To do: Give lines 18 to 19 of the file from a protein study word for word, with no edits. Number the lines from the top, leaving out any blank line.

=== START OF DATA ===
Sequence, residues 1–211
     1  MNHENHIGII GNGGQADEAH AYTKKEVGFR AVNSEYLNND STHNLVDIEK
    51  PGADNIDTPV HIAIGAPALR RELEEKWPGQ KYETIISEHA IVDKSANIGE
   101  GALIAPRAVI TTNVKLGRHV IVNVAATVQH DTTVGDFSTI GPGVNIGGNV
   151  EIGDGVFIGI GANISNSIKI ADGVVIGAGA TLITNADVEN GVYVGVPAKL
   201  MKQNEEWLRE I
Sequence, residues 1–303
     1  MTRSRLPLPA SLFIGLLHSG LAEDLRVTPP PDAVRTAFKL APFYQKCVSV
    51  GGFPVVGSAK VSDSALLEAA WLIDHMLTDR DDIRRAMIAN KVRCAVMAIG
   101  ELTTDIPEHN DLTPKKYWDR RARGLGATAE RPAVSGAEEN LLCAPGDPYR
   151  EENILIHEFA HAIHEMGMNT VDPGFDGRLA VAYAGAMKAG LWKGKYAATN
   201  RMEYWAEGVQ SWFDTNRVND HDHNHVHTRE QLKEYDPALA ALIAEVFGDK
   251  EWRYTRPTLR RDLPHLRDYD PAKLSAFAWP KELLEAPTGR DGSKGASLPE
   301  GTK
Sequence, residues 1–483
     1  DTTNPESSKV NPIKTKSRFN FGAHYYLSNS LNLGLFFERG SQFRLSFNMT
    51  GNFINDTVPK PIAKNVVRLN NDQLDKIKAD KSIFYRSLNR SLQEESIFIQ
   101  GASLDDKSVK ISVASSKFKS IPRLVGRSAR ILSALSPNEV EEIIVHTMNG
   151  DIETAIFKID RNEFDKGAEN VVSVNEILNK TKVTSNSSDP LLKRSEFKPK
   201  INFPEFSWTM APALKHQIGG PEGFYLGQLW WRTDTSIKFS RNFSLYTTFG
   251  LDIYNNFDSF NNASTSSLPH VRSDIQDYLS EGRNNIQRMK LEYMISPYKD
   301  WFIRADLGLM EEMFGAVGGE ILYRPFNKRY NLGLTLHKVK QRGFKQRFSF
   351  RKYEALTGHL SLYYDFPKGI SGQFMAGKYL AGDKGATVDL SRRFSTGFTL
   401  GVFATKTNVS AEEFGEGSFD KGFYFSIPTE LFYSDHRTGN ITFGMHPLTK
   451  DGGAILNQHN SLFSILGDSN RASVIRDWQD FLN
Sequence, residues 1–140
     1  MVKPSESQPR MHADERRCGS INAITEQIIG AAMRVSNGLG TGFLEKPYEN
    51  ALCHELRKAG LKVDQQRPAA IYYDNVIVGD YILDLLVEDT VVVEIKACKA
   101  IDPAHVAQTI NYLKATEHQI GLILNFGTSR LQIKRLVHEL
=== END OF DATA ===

   101  GASLDDKSVK ISVASSKFKS IPRLVGRSAR ILSALSPNEV EEIIVHTMNG
   151  DIETAIFKID RNEFDKGAEN VVSVNEILNK TKVTSNSSDP LLKRSEFKPK